MAP App is a web-based application that helps organizations improve revenue cycle performance based on industry-standard metrics called MAP Keys.
Find suppliers and products in this comprehensive vendor directory for healthcare finance professionals.
Guidance for understanding and communicating about the price of health care.
Transformation toward value-based healthcare is reshaping the delivery of care, patient expectations, and payment structures.
Improve your revenue cycle performance through standard metrics, peer comparison, and successful practices.
Any new health business must demonstrate three basic functions:
Only if budgeting and marketing, technology, and customer relationships are established can other new-business activities be successful. As implementation of the Affordable Care Act (ACA) nears its moment of truth, when open enrollment in the healthcare insurance marketplaces begins on Oct. 1, 2013, the status of these functions can shed light on progress and problems.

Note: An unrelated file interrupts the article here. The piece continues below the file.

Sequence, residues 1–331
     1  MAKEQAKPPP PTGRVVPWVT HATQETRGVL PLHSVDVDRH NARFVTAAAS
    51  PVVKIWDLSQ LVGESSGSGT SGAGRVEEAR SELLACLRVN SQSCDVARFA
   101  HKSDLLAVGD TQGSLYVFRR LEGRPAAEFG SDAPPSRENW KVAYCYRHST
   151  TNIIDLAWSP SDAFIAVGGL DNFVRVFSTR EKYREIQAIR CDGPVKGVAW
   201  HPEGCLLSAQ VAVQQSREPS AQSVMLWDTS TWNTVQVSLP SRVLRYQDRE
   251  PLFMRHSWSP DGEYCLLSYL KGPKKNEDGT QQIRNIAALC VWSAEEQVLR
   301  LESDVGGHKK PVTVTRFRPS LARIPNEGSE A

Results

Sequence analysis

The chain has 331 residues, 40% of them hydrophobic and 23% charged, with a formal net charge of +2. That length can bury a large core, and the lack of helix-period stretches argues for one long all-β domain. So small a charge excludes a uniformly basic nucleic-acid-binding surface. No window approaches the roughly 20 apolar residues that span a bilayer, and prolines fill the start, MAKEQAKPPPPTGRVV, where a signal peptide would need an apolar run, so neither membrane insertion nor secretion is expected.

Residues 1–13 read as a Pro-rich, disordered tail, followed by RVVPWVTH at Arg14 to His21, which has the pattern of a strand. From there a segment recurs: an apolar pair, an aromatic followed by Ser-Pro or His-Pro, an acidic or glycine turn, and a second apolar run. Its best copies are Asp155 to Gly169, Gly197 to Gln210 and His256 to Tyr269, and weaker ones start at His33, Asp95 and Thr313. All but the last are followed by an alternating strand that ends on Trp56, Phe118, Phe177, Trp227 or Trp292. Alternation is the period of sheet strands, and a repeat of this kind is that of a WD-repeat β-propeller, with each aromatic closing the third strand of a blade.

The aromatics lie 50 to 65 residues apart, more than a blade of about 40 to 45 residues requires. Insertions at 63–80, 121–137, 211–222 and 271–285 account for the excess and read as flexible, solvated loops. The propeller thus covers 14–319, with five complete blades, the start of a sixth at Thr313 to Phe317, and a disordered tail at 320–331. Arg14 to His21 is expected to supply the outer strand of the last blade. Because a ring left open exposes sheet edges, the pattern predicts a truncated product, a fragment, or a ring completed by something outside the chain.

The new Health Insurance marketplaces, or exchanges, have already displayed inadequacy in budgeting and initial marketing. The Department of Health and Human Services (HHS) has announced that program budgeting has not included an adequate setting aside of funds to pay for required education and outreach for the new Health Exchanges.
This explanation has come after three years during which HHS has neither taken any clear actions toward mounting a major outreach effort to explain the ACA nor acknowledged the need for such action. We are not aware of any mailings to the public, TV public service programs, to recruitment of providers to distribute brochures.
HHS has now been reduced to seeking last-minute donations to support outreach efforts, demonstrating that initial budgeting failed to adequately prepare for this predictable need. (See Kliff, S., "Budget request denied, Sebelius turns to health executives to finance Obamacare," The Washington Post, May 10, 2013.)